Daniel Hillel is an Israeli water and soil scientist. Hillel's development of micro-irrigation techniques has dramatically improved agricultural output and water efficiency in the Negev desert of Israel, across the Middle East, and in chronically dry regions around the world. Throughout his career, Hillel has used science to bridge cultural and religious divides and improve livelihoods in over 30 countries, including Pakistan, Sudan, Iran, Egypt, Jordan, and Cyprus. Most recently, he has been researching ways to adjust agricultural techniques in adaptation to increasing water shortages resulting from climate change. In 2012, he won the World Food Prize. He is currently working as a senior research scientist at the NASA Goddard Institute for Space Studies at the The Earth Institute at Columbia University in New York.
Daniel Hillel was born in 1930 in Los Angeles, California. His family immigrated to Palestine in 1931. At the age of 9, he was sent to live on a kibbutz and grew up in a farming environment. In 1951, after earning a BA and MA at American universities, he returned to Israel and worked for the Israeli Ministry of Agriculture. He received his doctorate in soil physics from the Hebrew University of Jerusalem.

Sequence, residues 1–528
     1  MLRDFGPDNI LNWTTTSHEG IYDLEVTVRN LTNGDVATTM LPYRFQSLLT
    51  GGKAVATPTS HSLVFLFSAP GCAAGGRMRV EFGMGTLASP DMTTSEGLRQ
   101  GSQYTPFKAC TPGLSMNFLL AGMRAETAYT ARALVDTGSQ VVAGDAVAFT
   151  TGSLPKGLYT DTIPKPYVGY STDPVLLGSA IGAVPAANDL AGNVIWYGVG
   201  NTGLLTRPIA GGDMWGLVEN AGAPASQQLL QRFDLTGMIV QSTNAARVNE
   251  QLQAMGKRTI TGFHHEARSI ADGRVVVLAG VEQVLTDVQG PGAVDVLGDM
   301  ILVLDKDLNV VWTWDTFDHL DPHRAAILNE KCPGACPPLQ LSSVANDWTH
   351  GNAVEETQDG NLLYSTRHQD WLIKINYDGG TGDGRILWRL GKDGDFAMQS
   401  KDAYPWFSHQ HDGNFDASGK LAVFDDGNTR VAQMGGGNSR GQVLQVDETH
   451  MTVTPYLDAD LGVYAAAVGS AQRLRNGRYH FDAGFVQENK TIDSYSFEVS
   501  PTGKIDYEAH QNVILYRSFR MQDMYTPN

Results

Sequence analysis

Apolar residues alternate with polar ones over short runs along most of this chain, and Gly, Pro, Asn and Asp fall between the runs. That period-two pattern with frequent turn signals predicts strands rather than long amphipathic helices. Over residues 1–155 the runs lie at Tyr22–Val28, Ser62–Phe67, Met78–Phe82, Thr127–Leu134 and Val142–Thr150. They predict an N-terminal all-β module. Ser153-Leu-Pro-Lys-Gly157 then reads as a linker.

Hillel was a founding member of the Sde Boker kibbutz in the Negev desert, where he worked as a surveyor. It was at Sde Boker that Hillel met then-Prime Minister David Ben Gurion, who retired from his office to live at the new settlement with his wife, Paula.
For a time in the 1950s Hillel served as the head of the Soil and Water Institute of Israel's Agricultural Research Service, and he later consulted with governmental agencies in various countries. During his career Dr. Hillel has served as a professor at Hebrew University, the University of Massachusetts, and Columbia University. He has also worked with international organizations such as the World Bank, United Nations Food and Agriculture Organization, the United States Agency for International Development, and theInternational Atomic Energy Agency.
Hillel received the Chancellor's Medal for exemplary service at the University of Massachusetts Amherst in 1982, a Doctorate of Science honnoris causa from Guelph University of Canada in 1992, and a John Simon Guggenheim Fellowship and grant in 1993.
In June 2012, it was announced that Hillel would be awarded the 2012 World Food Prize at the annual Borlaug Dialogue international symposium in Des Moines, Iowa, on October 18, 2012. The announcement ceremony, held at the U.S. State Department, was presided over by Secretary of State Hillary Rodham Clinton, who said about Hillel's work:
Dr. Hillel's work will become even more important as we grapple with how to feed the world's growing population…And according to the latest FAO estimates, the world will need to produce 60 percent more food than we do today to feed everyone. In that same time, the demand for water to grow food will rise by almost 20 percent. But our water supply is finite. So if we're going to strengthen food security, we have to get more out of each drop.